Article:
Grocery Prices Keeping Climbing; Up 7 Percent In Last Year

Mary Bouras never expected to get sticker shock from a pound of butter.

But when the grocery staple reached more than $5 a pound at most stores, the 66-year-old Dover resident said it was hard not to.

Last week, she paid $5.79 for butter at Weis, and three other grocery chains in the area had similar prices.

“I know it’s just life and prices go up, but $6 for butter is a lot for me,” Bouras said.

Six months ago, she would have paid $1 less for the same item at the same store. A year ago, it would have been $1.20 cheaper, and five years ago it would have been $1.80 less.

Read more: http://www.yorkdispatch.com/breaking/ci_26672787/grocery-prices-keeping-climbing-up-7-percent-last

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Beef Prices Reach Highest Level Since 1987

English: Australian Brangus steer

English: Australian Brangus steer (Photo credit: Wikipedia)

LUBBOCK, Texas (AP) – The highest beef prices in almost three decades have arrived just before the start of grilling season, causing sticker shock for both consumers and restaurant owners – and relief isn’t likely anytime soon.

A dwindling number of cattle and growing export demand from countries such as China and Japan have caused the average retail cost of fresh beef to climb to $5.28 a pound in February, up almost a quarter from January and the highest price since 1987.

Everything that’s produced is being consumed, said Kevin Good, an analyst at CattleFax, a Colorado-based information group. And prices likely will stay high for a couple of years as cattle producers start to rebuild their herds amid big questions about whether the Southwest and parts of the Midwest will see enough rain to replenish pastures.

Read more at http://www.philly.com/philly/business/20140412_ap_47ea27a0b2244eaea2cabae2a074edb6.html#1ZmJqCrp08y35k34.99

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Highest-Ever CO2 Levels Killing Coral Reefs

This image depicts all of the areas that the M...

This image depicts all of the areas that the Millenium Coral Reef Landsat Archive covers. Red dots indicate coral reef data at the website: http://seawifs.gsfc.nasa.gov/cgi/landsat.pl (Photo credit: Wikipedia)

Many people are by now familiar with the Keeling curve, a graph showing the steady increase in carbon dioxide in the atmosphere measured over decades by the Mauna Loa Observatory, the world’s longest-running CO2 monitoring station.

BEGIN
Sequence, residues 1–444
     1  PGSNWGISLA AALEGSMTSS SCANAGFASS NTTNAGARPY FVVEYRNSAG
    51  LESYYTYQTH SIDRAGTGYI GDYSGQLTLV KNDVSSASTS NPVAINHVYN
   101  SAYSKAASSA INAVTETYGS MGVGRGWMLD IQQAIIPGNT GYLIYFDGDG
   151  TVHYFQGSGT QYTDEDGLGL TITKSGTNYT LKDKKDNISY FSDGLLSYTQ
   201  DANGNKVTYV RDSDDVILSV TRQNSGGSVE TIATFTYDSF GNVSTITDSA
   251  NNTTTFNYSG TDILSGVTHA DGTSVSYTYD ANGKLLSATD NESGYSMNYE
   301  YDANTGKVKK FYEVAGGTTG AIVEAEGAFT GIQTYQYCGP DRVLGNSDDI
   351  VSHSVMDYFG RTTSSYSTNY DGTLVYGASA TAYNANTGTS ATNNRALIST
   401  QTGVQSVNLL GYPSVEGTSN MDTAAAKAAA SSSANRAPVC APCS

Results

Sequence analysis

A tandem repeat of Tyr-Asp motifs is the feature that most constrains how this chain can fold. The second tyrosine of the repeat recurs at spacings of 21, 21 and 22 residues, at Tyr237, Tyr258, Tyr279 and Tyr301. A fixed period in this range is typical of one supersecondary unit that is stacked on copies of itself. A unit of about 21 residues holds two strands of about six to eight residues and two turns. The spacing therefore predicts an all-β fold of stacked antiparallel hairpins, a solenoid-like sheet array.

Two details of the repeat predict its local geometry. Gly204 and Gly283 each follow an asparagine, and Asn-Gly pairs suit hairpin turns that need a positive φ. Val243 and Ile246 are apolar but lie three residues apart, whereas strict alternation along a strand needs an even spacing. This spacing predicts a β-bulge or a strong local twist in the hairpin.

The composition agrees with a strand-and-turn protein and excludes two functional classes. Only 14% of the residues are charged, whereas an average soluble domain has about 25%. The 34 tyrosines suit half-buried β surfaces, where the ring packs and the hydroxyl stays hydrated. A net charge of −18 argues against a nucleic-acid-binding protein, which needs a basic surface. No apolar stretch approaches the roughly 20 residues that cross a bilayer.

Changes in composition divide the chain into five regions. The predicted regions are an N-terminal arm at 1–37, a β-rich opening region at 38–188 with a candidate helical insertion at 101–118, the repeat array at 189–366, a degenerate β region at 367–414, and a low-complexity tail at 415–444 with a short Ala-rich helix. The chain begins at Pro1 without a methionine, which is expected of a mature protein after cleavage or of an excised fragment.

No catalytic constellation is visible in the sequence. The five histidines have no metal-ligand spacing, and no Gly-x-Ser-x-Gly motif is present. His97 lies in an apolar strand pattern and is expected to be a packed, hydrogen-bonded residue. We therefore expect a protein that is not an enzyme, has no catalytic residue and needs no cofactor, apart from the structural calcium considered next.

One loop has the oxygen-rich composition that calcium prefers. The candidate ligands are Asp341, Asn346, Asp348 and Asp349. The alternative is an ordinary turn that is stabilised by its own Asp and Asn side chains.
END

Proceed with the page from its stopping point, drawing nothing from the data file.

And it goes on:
The research, started by renowned climate scientist Dave Keeling in 1958, is considered one of the pillars of the scientific consensus that human activity is the main driver of climate change. This year, the data revealed a troubling milestone: CO2 concentrations had passed 400 parts per million for the first time since the dawn of human civilization.

Less familiar, but every bit as troubling to climate scientists, is a parallel slope on a different track of climate data: the increase of CO2 in the world’s oceans, which has been climbing almost in lockstep with the Keeling curve. The rising carbon level is cranking up ocean acidity with astonishing speed—probably 10 times faster than at any point in about 50 million years, according to scientists.

Among other concerns, scientists are now increasingly worried that the acidification of the oceans is likely to cause one of the first abrupt, severe and probably irreversible consequences of global climate change: the loss of tropical coral reefs.

Read more at http://www.philly.com/philly/news/nation_world/Loss_of_Tropical_Coral_Reefs_May_Be_1st_Irreversible_Climate_Consequence.html#FGL2gFlgtb5lKOZc.99

Lake Erie Algae: Report Says Toxic Mega-Blooms Could Become The ‘New Normal’

English: Aerial view of Presque Isle State Par...

English: Aerial view of Presque Isle State Park on Lake Erie near Erie, Pennsylvania, USA. View is to the east-northeast. The U.S. Army Corps of Engineers built 55 off-shore segmented breakwaters to prevent the beach erosion problem at Presque Isle State Park that caused the loss of this important recreational site and environmental habitat for wildlife. (Photo credit: Wikipedia)

Editor’s note: This is an important issue for Pennsylvania.  The algae is problematic for Erie County as a tourist destination and as a wildlife refuge (Presque Isle State Park).